Cooperatives are different than other types of businesses. When the market declines to offer a product or service, or does so at a very high price, co-ops intervene to fill the need.

Similar to how Eastern Illini was built by members who came together to bring electricity to our community, cooperatives are conveners for the common good. Your electric co-op exists to provide safe and reliable energy to you, the members of the co-op. Equally important is our mission to enrich the lives of the members we serve.

As a co-op, we are well-suited to meet the needs of the community because we are locally governed. Eastern Illini’s leadership team and employees live right here in the community. Our board of directors, who helps set long-term priorities for the co-op, live locally on co-op lines. These board members have been elected to the position by neighbors like you.

We know our members (that’s you!) have a valuable perspective. That’s why we are continually seeking your input. Whether through community events, our social media channels or the annual meeting, we want to hear from you.

Our close connection to the community ensures we get a first-hand perspective on local priorities, thereby enabling us to make more informed decisions on long-term investments, such as electric vehicles, and equipment and technology upgrades.

Another feature that sets our co-op apart from a traditional utility is one of our core principles, “Concern for Community.” Eastern Illini gave $5,000 to the Lake Iroquois Association to help cover the cost of replacing fish in the lake and a portion of the funds will be used for an ecosystem maintenance program.

We also participate in the Electric Cooperative Youth Tour, where we take our community’s young people to Washington, D.C. for a week-long immersion to experience democracy in action. This year four high school students made the trip.

Ultimately, the larger community benefits from these programs because of you and your neighbors. You empower the co-op through your membership and through your participation in and support of these programs.

We hope you will think of Eastern Illini Electric Cooperative as more than your energy provider, but instead as a local business that supports this community and powers economic development and prosperity for the people. We will continue to learn from our members about their priorities so that we can better serve you – because your electric co-op was built by the community, for the community.

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It’s the Co-op Calling

As a member of Eastern Illini Electric Cooperative you have access to 24/7 service from us and you can always reach someone by phone any time day or night. If you call us at 1-800-824-5102 between the hours of 7:30 a.m. and 4:00 p.m. you will hear the following recorded message:

Welcome to Eastern Ilini your local, member driven and community focused electric cooperative. We’re glad you called, and we are ready to help. This call may be recorded as part of our commitment to quality service.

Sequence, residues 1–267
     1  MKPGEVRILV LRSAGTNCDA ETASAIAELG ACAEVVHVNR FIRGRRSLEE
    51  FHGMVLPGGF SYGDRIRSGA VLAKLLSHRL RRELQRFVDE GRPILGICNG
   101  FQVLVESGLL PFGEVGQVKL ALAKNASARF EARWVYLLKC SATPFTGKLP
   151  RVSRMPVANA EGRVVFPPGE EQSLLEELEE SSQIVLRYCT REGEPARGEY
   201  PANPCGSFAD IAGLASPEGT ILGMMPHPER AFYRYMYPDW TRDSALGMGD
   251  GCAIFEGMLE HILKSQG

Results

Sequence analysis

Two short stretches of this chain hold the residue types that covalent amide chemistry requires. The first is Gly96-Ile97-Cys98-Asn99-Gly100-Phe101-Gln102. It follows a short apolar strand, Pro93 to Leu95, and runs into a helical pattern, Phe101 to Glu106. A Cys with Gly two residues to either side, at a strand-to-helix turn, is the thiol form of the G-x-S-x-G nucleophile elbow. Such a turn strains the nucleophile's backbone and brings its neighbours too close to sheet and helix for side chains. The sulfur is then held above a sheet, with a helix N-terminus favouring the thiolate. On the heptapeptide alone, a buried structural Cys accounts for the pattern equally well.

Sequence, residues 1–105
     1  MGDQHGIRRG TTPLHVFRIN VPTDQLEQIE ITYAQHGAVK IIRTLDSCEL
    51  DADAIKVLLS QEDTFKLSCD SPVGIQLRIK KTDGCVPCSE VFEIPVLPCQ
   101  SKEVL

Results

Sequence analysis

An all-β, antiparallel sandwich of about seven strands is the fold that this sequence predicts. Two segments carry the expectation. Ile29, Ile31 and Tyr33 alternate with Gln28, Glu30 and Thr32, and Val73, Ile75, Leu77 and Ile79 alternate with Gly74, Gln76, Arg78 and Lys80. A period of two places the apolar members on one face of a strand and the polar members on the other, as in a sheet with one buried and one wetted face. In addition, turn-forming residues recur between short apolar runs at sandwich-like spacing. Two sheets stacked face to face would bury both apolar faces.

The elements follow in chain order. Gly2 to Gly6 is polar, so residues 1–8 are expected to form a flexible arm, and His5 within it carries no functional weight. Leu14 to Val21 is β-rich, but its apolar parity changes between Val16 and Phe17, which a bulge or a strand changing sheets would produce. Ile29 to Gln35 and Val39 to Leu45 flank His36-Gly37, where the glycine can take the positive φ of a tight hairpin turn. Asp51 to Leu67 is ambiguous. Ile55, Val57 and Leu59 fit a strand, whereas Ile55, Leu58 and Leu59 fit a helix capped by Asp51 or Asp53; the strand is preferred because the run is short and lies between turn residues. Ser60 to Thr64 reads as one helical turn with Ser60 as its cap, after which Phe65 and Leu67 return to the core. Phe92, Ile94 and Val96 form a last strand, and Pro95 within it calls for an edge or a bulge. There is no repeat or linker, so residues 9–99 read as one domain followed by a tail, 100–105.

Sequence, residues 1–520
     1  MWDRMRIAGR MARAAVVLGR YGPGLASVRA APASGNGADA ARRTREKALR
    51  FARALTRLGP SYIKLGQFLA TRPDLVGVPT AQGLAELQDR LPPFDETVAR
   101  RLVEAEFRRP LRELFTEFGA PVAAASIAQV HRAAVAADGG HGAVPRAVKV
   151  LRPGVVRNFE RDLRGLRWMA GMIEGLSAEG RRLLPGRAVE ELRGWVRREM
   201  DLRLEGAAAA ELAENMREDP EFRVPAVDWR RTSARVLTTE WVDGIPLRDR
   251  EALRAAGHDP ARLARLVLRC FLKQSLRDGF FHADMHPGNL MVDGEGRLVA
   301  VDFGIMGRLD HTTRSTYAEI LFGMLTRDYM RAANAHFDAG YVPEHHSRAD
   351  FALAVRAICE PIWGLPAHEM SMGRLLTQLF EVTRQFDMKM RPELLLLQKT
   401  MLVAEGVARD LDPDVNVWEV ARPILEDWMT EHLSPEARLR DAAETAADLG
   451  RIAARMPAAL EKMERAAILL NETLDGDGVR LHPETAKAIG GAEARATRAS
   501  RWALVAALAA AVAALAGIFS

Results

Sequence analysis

Did you know you can view and pay your bill with your smart phone or computer? It’s a great way to track your electric use and even report an outage. Ask one of our Member Care Representatives about how to get started with SmartHub.

If you know your party’s extension, enter it now or choose from the following:

To make a payment with our automated system, PRESS 1,

To report a power outage, PRESS 2,

To speak with our operations group about outdoor lighting, new service construction, or to report downed power lines, PRESS 3.

For all other issues, stay on the line and a Member Care Representative will assist you.

To reach the automated system directly call 1-888-836-2352.

Anytime Monday – Friday, before 7:30 a.m. and after 4:00 p.m. and on weekends, you can speak with our after hours service who will assist you with any request.

You will receive an automated phone call from us whenever a planned outage may be needed for system maintenance. Besides receiving a phone call, we will also send you an email message.

That’s why it is so important to be sure we have a good phone number on file for you, so you don’t miss out on these important messages! We realize many members have disconnected their landlines and now use only cell phones. Email addresses also often change, so keep us informed by giving us a call at 1-800-824-5102 and confirm that your contact information is current and correct.

We encourage all Eastern Illini members to consider signing up for SmartHub. SmartHub is a convenient and easy to use on line system that provides information from your computer and smart phone.

You can view or pay your monthly electric bill and so much more! SmartHub lets you report an outage, get updated outage information, update your account or contact information, view your hourly, daily, and monthly electric use, and receive bill reminders. And, SmartHub is free!

Please be aware that Eastern Illini will never call a member and demand immediate payment of your electric bill or ask for a credit card for payment over the phone.